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Tibetan Buddhism

Tibetan Buddhism is a religion in exile, forced from its homeland during the Chinese occupation of Tibet. It represents an organization of Buddhist doctrine and institutions found in Tibet, the Himalayan region, Mongolia, Buryatia, Tuva, Kalmykia (Russia) and northeastern China.  Tibetan Buddhism is identical to Vajrayana and is taught along with the other schools of Buddhism.

Dalai Lama is the best known face of this religion; he has lived in exile in India since he fled Chinese occupation of his country in 1959. Tibetan Buddhism combines basic teachings of Mahayana Buddhism with Tantric and Shamanic and an ancient Tibetan religion called Bon.

Features of Tibetan Buddhism:

The prime features in Tibetan Buddhism include :

  • Status of the teacher or "Lama"
  • Preoccupation with relationship between life and death
  • Important role of rituals and initiations
  • Rich visual symbolism
  • Elements of earlier Tibetan faiths
  • Mantras and meditation practice

History :

Buddhism in Tibet emerged with a combination of Buddhism and yoga in Tibet. The yogic method started in Tibet around late eighth century. It was brought from India at the invitation of two Buddhist masters by Tibetan king, Trisong Detsen to Tibet, who translated the Buddhist texts to the Tibetan language.

Firstly, Shantarakshitathe, chief of a monastery in Nalanda, India built the first monastery in Tibet. He was succeeded by Padmasambhava, who used his wisdom and power to defeat "spiritual" forces hindering work on the monastery.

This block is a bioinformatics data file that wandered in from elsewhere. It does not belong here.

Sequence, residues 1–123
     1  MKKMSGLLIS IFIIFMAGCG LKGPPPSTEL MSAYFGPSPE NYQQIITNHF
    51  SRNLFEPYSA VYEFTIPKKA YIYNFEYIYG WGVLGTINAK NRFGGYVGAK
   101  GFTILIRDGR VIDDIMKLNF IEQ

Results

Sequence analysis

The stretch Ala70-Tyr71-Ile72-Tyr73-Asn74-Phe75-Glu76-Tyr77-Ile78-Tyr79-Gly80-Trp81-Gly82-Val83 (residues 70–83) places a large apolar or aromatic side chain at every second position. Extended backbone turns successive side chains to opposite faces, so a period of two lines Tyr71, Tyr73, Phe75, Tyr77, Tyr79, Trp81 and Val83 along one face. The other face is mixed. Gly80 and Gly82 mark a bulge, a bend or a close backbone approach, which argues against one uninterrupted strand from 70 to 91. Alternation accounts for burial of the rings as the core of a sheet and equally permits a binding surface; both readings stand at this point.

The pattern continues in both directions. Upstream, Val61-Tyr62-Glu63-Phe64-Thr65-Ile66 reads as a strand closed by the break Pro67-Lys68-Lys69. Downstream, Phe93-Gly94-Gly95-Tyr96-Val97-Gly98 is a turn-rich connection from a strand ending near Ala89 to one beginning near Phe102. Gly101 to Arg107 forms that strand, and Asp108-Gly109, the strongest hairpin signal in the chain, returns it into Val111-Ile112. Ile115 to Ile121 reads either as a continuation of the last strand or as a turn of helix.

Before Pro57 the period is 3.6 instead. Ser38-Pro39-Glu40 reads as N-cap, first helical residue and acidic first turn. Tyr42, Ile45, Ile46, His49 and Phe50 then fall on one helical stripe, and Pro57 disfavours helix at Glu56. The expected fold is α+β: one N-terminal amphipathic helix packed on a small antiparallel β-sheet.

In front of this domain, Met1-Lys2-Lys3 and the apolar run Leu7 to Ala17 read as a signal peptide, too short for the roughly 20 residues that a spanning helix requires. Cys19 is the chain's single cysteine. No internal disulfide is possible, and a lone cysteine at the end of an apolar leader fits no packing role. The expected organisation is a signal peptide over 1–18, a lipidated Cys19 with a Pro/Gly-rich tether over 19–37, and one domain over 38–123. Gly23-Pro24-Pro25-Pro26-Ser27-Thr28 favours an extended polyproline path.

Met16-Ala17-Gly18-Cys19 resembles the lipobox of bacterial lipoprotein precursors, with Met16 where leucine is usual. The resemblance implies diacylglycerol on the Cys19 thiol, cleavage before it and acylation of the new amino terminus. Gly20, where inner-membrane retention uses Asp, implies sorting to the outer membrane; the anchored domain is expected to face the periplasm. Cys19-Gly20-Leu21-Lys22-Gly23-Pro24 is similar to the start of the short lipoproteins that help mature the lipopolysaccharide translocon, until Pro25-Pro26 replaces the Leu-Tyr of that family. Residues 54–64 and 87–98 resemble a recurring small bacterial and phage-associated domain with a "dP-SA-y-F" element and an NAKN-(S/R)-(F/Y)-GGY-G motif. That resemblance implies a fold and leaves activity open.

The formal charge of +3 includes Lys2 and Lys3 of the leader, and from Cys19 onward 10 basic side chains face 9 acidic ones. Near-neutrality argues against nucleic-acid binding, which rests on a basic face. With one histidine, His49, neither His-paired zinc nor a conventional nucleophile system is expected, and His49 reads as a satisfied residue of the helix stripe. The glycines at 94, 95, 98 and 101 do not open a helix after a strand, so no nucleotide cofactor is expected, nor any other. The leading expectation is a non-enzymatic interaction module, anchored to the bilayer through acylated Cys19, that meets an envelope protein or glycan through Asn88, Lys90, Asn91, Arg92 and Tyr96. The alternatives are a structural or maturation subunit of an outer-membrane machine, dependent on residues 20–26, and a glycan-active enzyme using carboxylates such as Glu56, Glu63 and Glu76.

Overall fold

From 13th century, Hindu yogic and tantric practices were integrated in Indian Buddhism along with the classical teachings of Buddha. This method of propagation preached that there were two paths to enlightenment.

Paths to Enlightenment :

As explained in the sutras, the first path encompasses morality, concentration, and wisdom. The second path gave ancient Buddhism in Tibet, its unique feature of tantric methods. Techniques of Hindu yogic and tantric practices were incorporated with the sutra teachings. Tantric methods convey that the basic human obsession of desire and hatred should be transformed to develop spiritual morality. But, it does not recommend total renunciation of these basic cravings.

Tantra purifies people into goodness, helping them in attaining enlightenment for which one needs to have qualities of self-control and acceptance. The Hinayana and Mahayana Buddhist teachings are also included in Tibetan Buddhism, which is principally an obscure extension of these two. Similar to Mahayanas, Buddhism in Tibet principally based on the Dharma protectors, namely Pantheon of Buddhas, bodhisattvas, and Dharmapala.